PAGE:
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The Good Shepherd

The Fourth Sunday of Easter is also called Good Shepherd Sunday because the gospel reading is taken from Chapter 10 of John, which speaks of the Good Shepherd.

For many of us, our favorite picture of the Good Shepherd comes from the idyllic Psalm 23, which portrays the shepherd as one who leads the sheep to green pastures and clear waters, guides them through the dark valley, shields them from every harm, and finally brings them home.

In today’s gospel, the portrait of the Good Shepherd is further developed and qualified by the personal relationship between the shepherd and the sheep. The true shepherd does not run away when the wolf attacks, but defends the flock, because he is not a hired servant. He owns the sheep. In identifying himself as the Good Shepherd, Jesus claims us as his own and affirms his relationship with us as one of true knowledge – in the biblical sense that indicates deep intimacy. “I know mine, and mine know me.” Jesus, in fact, alludes that his knowledge of us is a projection of his intimate knowledge of the Father. “I know mine, and mine know me, just as the Father knows me and I know the Father.”

But the distinctive and defining characteristic of the Good Shepherd is that he “lays down his life for the sheep.” Five times the phrase, “lay down my/his life”, is mentioned in our short gospel reading. This image is extraordinarily admirable and heroic, but also surreal. How can a man die for his animals?

The second reading gives us the answer. “See what love the Father has bestowed on us that we are called children of God. And so we are.” We are no animals. We are God’s children whom he loves so much “that he sent his only begotten Son so that those who believe in him may not perish, but may have eternal life.” (Jn 3:16) Indeed, Jesus knows us as he knows the Father, and he loves us as he loves the Father.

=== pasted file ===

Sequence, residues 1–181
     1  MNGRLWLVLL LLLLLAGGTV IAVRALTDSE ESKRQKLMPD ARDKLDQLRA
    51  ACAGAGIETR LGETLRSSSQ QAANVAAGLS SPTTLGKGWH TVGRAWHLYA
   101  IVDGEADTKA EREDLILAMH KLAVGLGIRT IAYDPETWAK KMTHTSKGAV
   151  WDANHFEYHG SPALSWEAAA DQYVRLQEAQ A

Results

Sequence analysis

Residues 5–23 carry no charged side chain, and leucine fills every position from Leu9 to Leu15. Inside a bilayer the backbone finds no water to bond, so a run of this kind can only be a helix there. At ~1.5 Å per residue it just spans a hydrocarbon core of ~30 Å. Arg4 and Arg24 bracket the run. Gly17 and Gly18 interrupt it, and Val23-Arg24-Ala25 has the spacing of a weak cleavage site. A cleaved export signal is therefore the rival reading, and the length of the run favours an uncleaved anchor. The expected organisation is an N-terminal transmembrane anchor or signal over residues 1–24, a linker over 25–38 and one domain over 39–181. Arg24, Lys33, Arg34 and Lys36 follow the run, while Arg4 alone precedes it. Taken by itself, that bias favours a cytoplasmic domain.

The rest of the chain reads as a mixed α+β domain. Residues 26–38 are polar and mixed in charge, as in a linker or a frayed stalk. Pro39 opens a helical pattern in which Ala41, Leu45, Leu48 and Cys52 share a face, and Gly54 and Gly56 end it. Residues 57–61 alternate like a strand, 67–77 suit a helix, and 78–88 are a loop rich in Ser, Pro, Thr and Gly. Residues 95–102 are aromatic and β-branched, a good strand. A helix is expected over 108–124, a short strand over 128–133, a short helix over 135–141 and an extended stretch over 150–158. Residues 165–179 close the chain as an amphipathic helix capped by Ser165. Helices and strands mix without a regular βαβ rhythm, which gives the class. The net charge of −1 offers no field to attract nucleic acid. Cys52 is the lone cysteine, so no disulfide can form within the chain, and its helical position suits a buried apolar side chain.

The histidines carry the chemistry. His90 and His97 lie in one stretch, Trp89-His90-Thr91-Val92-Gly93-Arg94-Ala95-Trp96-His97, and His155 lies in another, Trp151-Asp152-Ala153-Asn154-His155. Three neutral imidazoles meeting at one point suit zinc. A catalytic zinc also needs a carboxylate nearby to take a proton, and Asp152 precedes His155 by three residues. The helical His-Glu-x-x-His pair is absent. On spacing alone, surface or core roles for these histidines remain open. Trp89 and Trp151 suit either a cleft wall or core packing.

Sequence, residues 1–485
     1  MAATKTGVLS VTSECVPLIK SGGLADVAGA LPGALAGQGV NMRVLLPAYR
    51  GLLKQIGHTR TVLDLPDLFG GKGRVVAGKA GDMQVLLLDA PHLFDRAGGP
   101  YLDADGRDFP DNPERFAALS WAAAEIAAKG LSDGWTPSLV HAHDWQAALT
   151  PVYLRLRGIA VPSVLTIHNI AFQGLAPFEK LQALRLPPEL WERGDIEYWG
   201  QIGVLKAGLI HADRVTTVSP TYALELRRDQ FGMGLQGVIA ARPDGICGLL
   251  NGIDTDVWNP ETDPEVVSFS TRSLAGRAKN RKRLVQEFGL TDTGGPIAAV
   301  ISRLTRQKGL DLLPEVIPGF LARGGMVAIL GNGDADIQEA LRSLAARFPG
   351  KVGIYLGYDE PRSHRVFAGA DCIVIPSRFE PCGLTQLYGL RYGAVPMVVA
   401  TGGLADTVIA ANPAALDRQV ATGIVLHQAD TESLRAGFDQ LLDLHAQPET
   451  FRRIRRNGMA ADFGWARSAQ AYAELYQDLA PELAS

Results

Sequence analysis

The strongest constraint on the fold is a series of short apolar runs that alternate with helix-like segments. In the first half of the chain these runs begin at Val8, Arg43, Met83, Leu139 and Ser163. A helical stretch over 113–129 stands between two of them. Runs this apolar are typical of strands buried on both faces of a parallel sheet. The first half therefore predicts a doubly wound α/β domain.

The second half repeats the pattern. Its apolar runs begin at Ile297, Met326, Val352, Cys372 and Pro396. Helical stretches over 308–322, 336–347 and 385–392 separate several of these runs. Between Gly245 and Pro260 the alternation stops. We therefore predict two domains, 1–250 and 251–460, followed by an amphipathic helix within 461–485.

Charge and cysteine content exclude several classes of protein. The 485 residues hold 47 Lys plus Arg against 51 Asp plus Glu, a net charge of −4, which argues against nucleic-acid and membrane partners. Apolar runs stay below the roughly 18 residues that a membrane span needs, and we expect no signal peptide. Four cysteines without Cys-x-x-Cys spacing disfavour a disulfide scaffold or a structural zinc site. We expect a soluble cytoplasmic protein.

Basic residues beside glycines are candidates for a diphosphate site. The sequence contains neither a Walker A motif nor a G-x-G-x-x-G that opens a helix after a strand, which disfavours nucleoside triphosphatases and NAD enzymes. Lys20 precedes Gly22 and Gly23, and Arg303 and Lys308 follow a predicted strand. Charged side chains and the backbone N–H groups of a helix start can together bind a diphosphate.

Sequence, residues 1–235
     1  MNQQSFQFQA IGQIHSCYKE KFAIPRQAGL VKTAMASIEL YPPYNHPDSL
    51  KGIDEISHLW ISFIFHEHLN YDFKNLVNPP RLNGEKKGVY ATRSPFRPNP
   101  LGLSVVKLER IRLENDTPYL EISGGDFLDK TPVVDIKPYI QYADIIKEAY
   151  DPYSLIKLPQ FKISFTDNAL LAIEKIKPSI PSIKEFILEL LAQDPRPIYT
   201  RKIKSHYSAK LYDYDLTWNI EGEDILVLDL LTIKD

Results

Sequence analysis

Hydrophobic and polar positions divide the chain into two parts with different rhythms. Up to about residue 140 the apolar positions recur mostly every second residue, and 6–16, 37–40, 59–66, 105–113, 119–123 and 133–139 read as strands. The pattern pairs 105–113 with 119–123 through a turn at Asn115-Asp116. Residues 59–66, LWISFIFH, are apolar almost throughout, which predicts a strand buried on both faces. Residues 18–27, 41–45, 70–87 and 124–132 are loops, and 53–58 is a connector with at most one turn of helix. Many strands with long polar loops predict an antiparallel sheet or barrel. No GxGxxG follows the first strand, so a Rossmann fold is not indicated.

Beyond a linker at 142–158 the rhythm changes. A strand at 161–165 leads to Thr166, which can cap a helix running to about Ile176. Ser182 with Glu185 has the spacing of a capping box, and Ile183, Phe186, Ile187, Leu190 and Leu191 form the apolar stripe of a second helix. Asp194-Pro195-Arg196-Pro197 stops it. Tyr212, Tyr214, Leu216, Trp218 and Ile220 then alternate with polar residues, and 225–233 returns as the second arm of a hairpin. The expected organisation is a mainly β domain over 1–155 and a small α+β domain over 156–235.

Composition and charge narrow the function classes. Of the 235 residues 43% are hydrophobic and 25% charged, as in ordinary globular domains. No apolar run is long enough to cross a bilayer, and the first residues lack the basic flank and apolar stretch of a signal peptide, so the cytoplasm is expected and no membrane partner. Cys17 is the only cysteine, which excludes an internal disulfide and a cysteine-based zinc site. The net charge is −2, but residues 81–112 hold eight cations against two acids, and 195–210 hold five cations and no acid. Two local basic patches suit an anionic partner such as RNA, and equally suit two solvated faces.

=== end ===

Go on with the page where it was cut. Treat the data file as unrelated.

The icon of the Good Shepherd is one that never fails to foster a sense of security, peace, fullness, and unequivocal love. However, it also can also be disturbing and challenging, if not intimidating. To belong to Jesus’ flock is to be his follower, his disciple. As disciples, we are called by the Good Shepherd to be shepherds ourselves to one another. On the night before he died, he gave us the new commandment to love one another as he has loved us – meaning, to the point of laying down our life for others.

When I received my appointment as bishop from the Holy Father, I made an Ignatian retreat to prepare myself for the daunting task. One of the meditations my director gave me was today’s gospel reading on the Good Shepherd. When I came to the verse where Jesus said, “I lay down my life for my sheep,” I was deeply disturbed. I wrestled and agonized with the words. Deep in my heart, I knew I could not own them. I have been called to shepherd God’s flock in Kabankalan, and like the Good Shepherd I, too, should be ready and willing to lay down my life for my sheep. But in all sincerity I knew I was not ready or willing to do so. It was my saddest realization. I have always been afraid of pain, even more so, of death. Hence, I could not honestly tell the Lord, “I will lay down my life for my sheep.”

Since it was a Friday, I made the Way of the Cross at the park behind the retreat house that afternoon. As I walked from one station to another and retraced the steps of Jesus to Calvary, it slowly dawned on me that Jesus went through every pain and suffering for me, to save me. Then I began to realize how much I am loved. I had never felt so much loved, so infinitely loved. By the time I reached the twelfth station, I could hardly see the crucified Lord; my eyes were welling with tears. I told Jesus hanging on the cross, “Lord, now I’m ready to die for you.” After a few seconds, I seemed to hear from within me the Lord saying, “No, don’t die for me. Live for my people.”

To lay down our life means to die to ourselves so that others may live. When we swallow our pride, so forgiveness can happen; when we give up something valuable, so we can help those in greater need (the community pantry); when we spend time to help a struggling learner or a desperate soul…we lay down our life and become bearers of the love and presence of the Good Shepherd.*

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